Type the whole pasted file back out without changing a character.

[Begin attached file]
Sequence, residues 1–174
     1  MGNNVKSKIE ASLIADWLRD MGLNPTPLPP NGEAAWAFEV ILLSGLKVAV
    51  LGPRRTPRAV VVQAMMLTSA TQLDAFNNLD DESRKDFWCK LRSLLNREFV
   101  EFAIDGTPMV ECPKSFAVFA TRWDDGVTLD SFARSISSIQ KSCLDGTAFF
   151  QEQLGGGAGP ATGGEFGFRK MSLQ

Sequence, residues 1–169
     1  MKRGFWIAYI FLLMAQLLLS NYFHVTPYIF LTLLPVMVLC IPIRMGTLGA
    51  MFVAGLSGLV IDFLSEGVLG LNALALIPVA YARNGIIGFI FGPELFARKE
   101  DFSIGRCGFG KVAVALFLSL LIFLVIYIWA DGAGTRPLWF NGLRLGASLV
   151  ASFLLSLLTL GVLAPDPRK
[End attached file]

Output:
Sequence, residues 1–174
     1  MGNNVKSKIE ASLIADWLRD MGLNPTPLPP NGEAAWAFEV ILLSGLKVAV
    51  LGPRRTPRAV VVQAMMLTSA TQLDAFNNLD DESRKDFWCK LRSLLNREFV
   101  EFAIDGTPMV ECPKSFAVFA TRWDDGVTLD SFARSISSIQ KSCLDGTAFF
   151  QEQLGGGAGP ATGGEFGFRK MSLQ

Sequence, residues 1–169
     1  MKRGFWIAYI FLLMAQLLLS NYFHVTPYIF LTLLPVMVLC IPIRMGTLGA
    51  MFVAGLSGLV IDFLSEGVLG LNALALIPVA YARNGIIGFI FGPELFARKE
   101  DFSIGRCGFG KVAVALFLSL LIFLVIYIWA DGAGTRPLWF NGLRLGASLV
   151  ASFLLSLLTL GVLAPDPRK